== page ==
Although most scanners and MFDs include optical character recognition (OCR) software, the quality of these can be patchy. When you get a commercial package, it’ll almost certainly be an older version with less features and reduced accuracy compared to the latest specialist software.
See: more OCR software reviews.
Upgrading to the latest version should secure you higher precision and better performance on intricate documents. Especially tricky to recognise can be documents containing fonts of different types and sizes, or magazine articles with pictures embedded within the text.
Readiris has long been a reliable distillation of all that’s new and sophisticated in the world of OCR software. But is IRIS Readiris Pro 14 worth the upgrade?
The interface has been changed significantly. Gone is the bright but rather bewildering and icon-heavy front-end of yesteryear. Version 14’s interface is clean and sleek.
It taps into Microsoft’s beloved ribbons, and at any given time the majority of options are hidden away behind dedicated tabs. The result is a front-end that feels rather stark and austere, and yet works logically. Whether you want to manipulate zones, reorder pages or simply select which program to send your scan to the interface makes it relatively straightforward.
IRIS Readiris Pro 14 conveniently splits the main Home page into two sections, one covering the scanner setup and another referring to the output. You can even see which tasks are currently being performed. The interface certainly makes more sense than Omnipage’s slightly arcane way of working.
We’re also promised a faster engine, although evidence of this is less substantial. Version 12 was already reasonably fast, and a direct comparison suggested that 14 was, at a stretch, a second faster on most tasks. In general, though, we suspect that users of recent versions of IRIS Readiris Pro 14 will notice little difference in terms of speed.
This scant noticeable difference was the case on our multi-core PC, where apparently IRIS Readiris Pro 14 should come into its own.
Readiris’ library of languages was vast, but its lack of support for such major Eastern alternatives like Japanese and Chinese was surprising. That has been corrected in the latest edition, with a host of new built-in languages – including Korean, Arabic and Hebrew.
IRIS Readiris Pro 14’s support for third-party programs is also comprehensive. It’s no surprise to see coverage of such obvious candidates as Microsoft Office (Word and Excel 2010 have excellent support) and OpenOffice. However, there are some welcome nods to more cultish performers like Jarte and AbiWord.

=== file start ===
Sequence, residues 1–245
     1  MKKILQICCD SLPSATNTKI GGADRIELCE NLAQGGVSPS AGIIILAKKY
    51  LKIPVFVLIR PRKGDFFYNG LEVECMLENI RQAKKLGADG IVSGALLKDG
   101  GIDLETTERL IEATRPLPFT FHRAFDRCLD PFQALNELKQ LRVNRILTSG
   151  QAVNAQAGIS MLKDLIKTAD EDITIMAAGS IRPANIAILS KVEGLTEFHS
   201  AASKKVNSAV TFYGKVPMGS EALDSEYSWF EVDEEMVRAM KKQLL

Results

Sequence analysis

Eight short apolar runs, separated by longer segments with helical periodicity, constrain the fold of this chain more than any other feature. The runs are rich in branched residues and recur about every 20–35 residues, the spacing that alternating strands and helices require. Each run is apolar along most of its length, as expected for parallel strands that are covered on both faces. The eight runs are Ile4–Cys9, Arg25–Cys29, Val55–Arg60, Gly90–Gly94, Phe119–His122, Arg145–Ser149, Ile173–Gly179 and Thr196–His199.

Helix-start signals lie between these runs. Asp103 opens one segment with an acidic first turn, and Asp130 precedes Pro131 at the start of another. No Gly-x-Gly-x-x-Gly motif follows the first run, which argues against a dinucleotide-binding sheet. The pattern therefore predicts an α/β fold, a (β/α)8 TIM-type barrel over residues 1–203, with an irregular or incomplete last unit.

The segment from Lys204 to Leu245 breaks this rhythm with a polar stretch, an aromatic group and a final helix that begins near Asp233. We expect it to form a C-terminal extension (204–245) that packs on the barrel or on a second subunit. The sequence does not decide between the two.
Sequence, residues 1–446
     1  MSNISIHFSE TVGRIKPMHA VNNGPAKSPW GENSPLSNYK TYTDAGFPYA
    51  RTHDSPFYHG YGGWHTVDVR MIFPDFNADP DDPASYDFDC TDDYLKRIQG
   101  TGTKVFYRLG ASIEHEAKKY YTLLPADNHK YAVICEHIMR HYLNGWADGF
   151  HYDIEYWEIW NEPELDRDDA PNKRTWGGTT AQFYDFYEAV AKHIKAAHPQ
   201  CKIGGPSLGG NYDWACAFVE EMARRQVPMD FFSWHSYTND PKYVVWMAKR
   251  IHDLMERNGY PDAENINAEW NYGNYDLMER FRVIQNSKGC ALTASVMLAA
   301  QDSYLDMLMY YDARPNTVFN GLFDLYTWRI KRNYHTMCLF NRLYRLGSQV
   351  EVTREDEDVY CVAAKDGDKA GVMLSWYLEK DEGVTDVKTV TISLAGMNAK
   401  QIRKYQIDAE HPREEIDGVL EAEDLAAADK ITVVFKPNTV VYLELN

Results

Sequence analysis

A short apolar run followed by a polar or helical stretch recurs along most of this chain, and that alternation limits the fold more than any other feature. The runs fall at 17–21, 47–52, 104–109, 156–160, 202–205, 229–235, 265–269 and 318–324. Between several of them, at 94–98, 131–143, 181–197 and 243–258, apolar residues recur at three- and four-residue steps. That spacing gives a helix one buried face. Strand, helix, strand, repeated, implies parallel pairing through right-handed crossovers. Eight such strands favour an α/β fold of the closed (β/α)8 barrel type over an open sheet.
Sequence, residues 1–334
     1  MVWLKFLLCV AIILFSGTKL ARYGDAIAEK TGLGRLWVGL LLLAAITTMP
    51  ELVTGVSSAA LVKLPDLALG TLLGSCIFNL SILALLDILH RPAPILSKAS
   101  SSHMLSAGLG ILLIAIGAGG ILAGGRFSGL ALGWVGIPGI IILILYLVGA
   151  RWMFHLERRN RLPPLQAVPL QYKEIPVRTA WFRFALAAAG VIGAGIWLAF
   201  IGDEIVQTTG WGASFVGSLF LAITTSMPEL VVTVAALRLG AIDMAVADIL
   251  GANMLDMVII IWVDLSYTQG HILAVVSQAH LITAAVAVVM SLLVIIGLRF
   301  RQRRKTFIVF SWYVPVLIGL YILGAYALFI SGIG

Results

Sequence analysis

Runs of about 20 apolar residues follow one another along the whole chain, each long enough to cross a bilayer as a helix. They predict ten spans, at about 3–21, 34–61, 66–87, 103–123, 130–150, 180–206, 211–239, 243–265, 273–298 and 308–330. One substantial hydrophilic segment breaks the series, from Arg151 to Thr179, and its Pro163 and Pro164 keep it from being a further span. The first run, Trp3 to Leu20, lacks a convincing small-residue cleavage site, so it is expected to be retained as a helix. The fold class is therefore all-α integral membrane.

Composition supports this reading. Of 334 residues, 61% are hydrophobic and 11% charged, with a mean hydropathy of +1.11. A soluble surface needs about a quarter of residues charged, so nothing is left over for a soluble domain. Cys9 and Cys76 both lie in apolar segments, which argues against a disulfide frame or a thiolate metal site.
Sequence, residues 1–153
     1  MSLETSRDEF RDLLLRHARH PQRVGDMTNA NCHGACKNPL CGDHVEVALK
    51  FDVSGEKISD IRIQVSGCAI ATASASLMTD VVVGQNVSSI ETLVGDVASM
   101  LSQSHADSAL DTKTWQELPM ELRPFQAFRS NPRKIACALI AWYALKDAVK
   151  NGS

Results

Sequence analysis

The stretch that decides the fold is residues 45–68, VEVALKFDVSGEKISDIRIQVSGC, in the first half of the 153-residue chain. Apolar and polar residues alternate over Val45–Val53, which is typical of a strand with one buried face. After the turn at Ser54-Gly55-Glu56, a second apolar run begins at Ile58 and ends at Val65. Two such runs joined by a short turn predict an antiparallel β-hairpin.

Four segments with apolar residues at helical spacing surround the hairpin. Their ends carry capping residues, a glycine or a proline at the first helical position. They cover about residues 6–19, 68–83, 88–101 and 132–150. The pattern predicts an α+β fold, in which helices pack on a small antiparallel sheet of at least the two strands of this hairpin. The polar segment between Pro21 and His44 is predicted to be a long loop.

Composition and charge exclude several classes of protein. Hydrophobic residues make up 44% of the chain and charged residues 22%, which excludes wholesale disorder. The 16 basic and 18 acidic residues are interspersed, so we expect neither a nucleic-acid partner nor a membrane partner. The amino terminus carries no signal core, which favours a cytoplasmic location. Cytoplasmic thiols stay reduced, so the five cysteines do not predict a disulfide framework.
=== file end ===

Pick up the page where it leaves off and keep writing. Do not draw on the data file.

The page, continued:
Web-friendly formats pop up too, and you can also send scans to HTML editors like SeaMonkey Composer. Of course, the trusty Adobe Acrobat Searchable PDFs will be the first port of call for those wishing to archive anything from bills to magazine articles. This format’s easy mix of searchable text and accurate image capture makes it an obvious choice, and it gets steely support from Readiris, with smoother and more accurate conversions.
The new version even allows you to create web browser-friendly ‘linearized’ PDF files. These are designed to be loaded in chunks, so a user can start reading a PDF file without first having to wait for the entire file to be downloaded.
OmniPage already supports cloud computing, and Readiris has now also jumped on board the cloudwagon, giving you access to the aether. A good selection of services, from Evernote and Sharepoint to Google Docs and Box, are covered, and support is almost seamless.
Readiris doesn’t have a finger in every pie though, and unlike ABBYY FineReader, there’s no advanced support for ebook formats.
We found accuracy to be moderately improved in IRIS Readiris Pro 14. It proved better at isolating columns of text that run around sizeable images, and generally did a better job of picking out the various elements on each page. It’s also good at eliminating unnecessary gaps at the ends of lines – something of a niggle in Version 12.
Most of our tests went through without any hitches, and even our difficult dictionary test produced a relatively small number of mistakes.
The new interface is good for quickly focusing on an area of a document and searching for accuracy. However, it still isn’t as easy to work on results as with ABBYY FineReader, and that program makes it very simple to compare OCR results with the original. With Readiris, you don’t always know what you’re going to get. Neither was IRIS Readiris Pro 14 able to beat ABBYY for overall accuracy.